Years ago, most people assumed they needed to use a will to ensure that their property would be allocated properly after they passed away. Then suddenly many estate planning lawyers started insisting that living trusts were a better option.

As a result, clients now ask a McKinney will attorney if they should prepare a will or a living trust. Which is better? 

The answer depends somewhat on the circumstances. But it is not usually an “either/or” proposition—a situation that will become more apparent with a greater understanding of what these documents do.

How a Living Trust Works

Although people often think that a trust is some type of account, it’s actually a type of legal entity. A person creates a trust, puts property into the trust, and designates a trustee to manage the property. While the trustee handles investment and other decisions, the trustee is just managing the property for another person, the beneficiary. For instance, a grandparent might create a trust for a grandchild beneficiary with special needs, and they might name the child’s uncle as a trustee.

With a living trust, the person creating the trust is also the trustee and the beneficiary. The trust technically owns the property but is still managed by the person who put the property into the trust, and the person who put the property into the trust still gets all the benefits from it. 

So why would someone go to all that trouble? The answer is that although the creator of the trust might be the trustee and beneficiary initially, they can name a successor trustee and successor beneficiaries who get the property when the original beneficiary passes away. This transfer occurs automatically, so the property does not go through the expenses and delays of probate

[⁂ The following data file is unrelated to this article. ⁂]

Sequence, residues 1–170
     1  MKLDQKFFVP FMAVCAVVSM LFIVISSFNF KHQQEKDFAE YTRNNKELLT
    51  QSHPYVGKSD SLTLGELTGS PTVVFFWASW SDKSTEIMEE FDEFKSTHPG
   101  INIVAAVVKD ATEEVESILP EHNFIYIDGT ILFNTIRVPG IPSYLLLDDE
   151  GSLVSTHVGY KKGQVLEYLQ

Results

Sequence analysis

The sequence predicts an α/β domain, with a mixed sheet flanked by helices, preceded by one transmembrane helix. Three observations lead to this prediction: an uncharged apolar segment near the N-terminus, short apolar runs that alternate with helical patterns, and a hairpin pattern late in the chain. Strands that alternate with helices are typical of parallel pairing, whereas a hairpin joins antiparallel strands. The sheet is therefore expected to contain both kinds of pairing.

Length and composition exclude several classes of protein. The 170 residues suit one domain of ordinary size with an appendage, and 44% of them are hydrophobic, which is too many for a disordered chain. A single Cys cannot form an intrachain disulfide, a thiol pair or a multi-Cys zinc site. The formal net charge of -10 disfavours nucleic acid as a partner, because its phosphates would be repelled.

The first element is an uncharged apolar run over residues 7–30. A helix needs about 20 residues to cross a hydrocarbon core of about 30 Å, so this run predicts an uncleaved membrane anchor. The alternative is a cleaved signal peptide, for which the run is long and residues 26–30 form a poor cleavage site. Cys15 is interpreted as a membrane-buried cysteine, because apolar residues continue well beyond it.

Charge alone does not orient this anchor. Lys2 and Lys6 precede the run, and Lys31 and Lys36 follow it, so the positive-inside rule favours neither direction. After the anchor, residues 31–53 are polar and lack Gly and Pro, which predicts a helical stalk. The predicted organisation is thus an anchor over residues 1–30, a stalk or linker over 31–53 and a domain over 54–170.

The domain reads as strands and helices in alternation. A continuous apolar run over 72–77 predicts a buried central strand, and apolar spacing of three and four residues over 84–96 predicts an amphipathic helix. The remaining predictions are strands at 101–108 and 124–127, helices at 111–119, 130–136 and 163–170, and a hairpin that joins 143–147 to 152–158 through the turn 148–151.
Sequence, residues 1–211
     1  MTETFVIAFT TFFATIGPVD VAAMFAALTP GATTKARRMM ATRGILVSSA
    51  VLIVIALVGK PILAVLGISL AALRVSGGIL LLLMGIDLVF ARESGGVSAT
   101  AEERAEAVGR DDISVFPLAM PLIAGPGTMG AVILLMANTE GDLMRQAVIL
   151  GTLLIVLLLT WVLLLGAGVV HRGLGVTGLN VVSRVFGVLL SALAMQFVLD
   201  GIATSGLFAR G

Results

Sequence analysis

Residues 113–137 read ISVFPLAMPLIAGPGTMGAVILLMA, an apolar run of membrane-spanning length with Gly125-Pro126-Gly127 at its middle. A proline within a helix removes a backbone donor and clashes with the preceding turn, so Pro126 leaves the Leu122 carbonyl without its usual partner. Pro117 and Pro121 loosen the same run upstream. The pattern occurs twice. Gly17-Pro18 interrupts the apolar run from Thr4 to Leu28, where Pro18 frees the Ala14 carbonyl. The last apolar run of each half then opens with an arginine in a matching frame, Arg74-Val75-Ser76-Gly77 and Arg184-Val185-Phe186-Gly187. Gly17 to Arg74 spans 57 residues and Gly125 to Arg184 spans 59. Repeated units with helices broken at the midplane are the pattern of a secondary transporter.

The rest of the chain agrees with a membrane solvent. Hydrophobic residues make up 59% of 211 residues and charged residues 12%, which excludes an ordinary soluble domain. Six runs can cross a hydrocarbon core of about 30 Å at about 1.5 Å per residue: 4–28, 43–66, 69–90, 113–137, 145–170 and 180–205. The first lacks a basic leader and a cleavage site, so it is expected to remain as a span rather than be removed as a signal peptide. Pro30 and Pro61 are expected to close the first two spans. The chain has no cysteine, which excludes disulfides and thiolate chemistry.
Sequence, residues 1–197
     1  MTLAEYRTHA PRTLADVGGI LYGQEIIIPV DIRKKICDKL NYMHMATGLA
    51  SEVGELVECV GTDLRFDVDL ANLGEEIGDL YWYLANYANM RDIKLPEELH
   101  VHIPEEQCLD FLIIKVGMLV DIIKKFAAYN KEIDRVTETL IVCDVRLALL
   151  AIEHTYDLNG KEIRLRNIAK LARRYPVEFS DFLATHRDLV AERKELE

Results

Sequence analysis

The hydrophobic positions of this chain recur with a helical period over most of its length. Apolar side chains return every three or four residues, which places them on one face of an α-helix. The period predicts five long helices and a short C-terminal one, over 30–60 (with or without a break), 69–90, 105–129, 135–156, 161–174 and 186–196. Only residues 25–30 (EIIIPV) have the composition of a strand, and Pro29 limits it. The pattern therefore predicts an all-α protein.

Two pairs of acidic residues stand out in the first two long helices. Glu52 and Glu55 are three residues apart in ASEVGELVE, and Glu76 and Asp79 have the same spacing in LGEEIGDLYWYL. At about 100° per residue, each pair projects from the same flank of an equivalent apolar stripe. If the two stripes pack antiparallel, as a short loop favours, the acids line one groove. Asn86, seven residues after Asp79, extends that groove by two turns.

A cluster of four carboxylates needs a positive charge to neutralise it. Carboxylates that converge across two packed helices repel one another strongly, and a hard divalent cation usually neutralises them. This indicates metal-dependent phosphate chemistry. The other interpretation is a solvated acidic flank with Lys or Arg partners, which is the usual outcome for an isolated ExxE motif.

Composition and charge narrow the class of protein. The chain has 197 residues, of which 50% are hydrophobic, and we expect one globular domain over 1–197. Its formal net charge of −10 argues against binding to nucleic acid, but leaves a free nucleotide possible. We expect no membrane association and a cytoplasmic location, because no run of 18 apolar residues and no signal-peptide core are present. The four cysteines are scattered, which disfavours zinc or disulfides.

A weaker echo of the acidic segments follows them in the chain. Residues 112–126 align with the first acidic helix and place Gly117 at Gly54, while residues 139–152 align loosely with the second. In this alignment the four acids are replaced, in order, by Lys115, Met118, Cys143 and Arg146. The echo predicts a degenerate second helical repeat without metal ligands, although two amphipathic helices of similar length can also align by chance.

A Trust Works Best in Combination with a Simple Will

For a McKinney will attorney, asking whether it’s better to have a will or a living trust is a bit like asking whether it’s better to take swimming lessons or wear a life jacket. Ideally, you want both. A living trust smoothly transfers ownership of all property that has been legally transferred into the trust. But very often, something gets left out. When the creator of the trust also has a will that passes all remaining property into the trust, that usually ties up the loose ends. A will can serve to reinforce the credibility of trust documents, particularly if the successor trustee is the same person named as the executor of the will. 

Not everyone may want to set up a trust. For individuals with small amounts of property or property that is already jointly titled with children who would be the beneficiaries of a trust, a trust may not be necessary. A will, on the other hand, is always a good tool to have. Wills can do certain things that a trust cannot, such as establish a guardian for minor children. But on its own, a will is not enough to keep property from going through probate.

Talk to a McKinney Will Attorney to Find the Right Documents for Your Situation

The best way to find out which documents combine to create the most effective plan for your situation is to talk with an experienced McKinney will attorney. The knowledgeable estate planning team at Nordhaus & Nordhaus, PC could review the potential advantages and drawbacks and devise the right documents to accomplish your goals. Contact us today for a confidential consultation to learn more.